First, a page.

Computerized medical records from the facility dated 01/11/02 at 7:17a.m, after R2 had already been transferred to the hospital, stated that R2 had episode of seizures at 4:00a.m. and M.D. ordered transfer to hospital, but was refused and R2 was diverted to another hospital. Surveyor interviewed Z1, Z2, and E2, who denied that R2 was diverted from one hospital to another. There was no evidence that R2 was observed or positioned to maintain the airway as per care plan. And there was evidence that the facility failed to differentiate petit mal seizure activity from grand mal seizure activity that was identified by the emergency medical team upon arrival to the nursing home.
Per interview, Z1 stated that on 01/11/02 at approximately 4:30a.m. at the hospital, he received a call from E5 stating that R2 has been having seizures since 3:55a.m. (35 minutes earlier)." I asked the nurse at the facility what had they done to stop the seizures. The nurse stated "nothing - we are still waiting on Superior ambulance. Z1 continued " I then asked the nurse if this resident was still seizing and he stated, yes. I told the nurse to call 911 since they are faster and they can stop the seizing". Per ambulance records, it was not until after E5 spoke with Z1 that E5 placed a call to the ambulance service --even though R2 was having continuous seizure activity since 3:55a.m.
Per interview with Z2, the facility had placed 02 at 2 liters on R2 and taken minimum vital signs and nothing else had been done. When Z2 arrived in the room at 4:50a.m., R2 was having grand mal seizures and was left unattended. Z2 told Surveyor that E5 told Z2 that R2 was having petit mals but upon observation, R2 was having tonic/clonic movements indicating severe grand mal seizures. Z2 also felt that R2 was febrile because R2 felt extremely hot. Facility had not obtained any temperature readings from R2 during this time. Z2 responded to the emergency by giving Versed IM, increasing 02 to 4 liters, and applying ice packs to both axillas. Z2 left the facility at 5:40a.m. after stopping the seizures around 5:10a.m. The run time record indicates that the resident arrived at the hospital at 5:45 a.m.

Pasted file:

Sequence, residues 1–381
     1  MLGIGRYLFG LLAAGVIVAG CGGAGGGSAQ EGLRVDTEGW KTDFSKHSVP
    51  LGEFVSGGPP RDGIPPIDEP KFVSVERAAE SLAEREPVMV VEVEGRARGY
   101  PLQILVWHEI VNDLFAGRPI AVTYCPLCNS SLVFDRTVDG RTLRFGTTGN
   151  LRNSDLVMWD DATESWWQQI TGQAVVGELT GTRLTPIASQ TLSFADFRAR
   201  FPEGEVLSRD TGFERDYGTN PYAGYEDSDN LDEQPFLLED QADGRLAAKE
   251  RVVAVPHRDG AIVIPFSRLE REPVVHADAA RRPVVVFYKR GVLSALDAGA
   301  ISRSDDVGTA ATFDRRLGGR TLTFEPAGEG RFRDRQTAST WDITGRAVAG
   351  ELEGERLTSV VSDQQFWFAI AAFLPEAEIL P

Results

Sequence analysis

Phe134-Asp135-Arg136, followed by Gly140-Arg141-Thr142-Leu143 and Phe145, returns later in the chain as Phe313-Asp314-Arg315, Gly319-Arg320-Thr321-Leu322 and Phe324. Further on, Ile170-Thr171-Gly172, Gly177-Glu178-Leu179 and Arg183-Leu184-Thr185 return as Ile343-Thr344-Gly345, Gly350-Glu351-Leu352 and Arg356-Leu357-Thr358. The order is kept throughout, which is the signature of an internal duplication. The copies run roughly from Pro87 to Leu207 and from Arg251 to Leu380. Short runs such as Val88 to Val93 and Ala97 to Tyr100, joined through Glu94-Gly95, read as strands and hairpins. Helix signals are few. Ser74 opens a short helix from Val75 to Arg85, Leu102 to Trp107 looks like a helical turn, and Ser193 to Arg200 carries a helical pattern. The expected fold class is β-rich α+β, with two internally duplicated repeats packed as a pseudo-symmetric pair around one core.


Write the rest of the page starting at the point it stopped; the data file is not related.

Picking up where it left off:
Surveyor interviewed E5 on 1/16/02 at approximately 2:40p.m. E5 denied he had waited until 4:41a.m to call the ambulance and stated that he called 5 minutes after seizures started for R2 at 4:00a.m. E5 stated that he administered 02 and never left the room. This conflicts with the interviews with Z1 and Z2 and the run sheet for the ambulance company which clearly states that ambulance was called at 4:41a.m. not 4:00a.m. E5 admitted to talking to Z1 but at 4:00a.m. instead of 4:30a.m. This is also contradicted in hospital record review which lists the time of call clearly at 4:30 to 4:40a.m.
Surveyor requested all nursing notes related to incident - all notes that were available were received and read. The nursing notes received concerning the incident is the 01/11/02 at 7:17a.m entry.
Interview with E7 on 01/17/02 at the facility on speaker phone with E1 present , E7 stated that R2 was found unresponsive and with white of eyes showing at 3:55a.m. on 01/11/02. E7 continued "I called E5, who came in and checked her and gave her oxygen." E7 continued, "I continued to make my rounds on the floor, but I kept going back to check on her. I went back at 4:00a.m., and noticed her jerking, her whole body was jerking, and she was foaming at the mouth. I got E5 again and he checked on her, took her vital signs and then left the room to call her doctor. I left the room to see where E5 was. We both left the room!"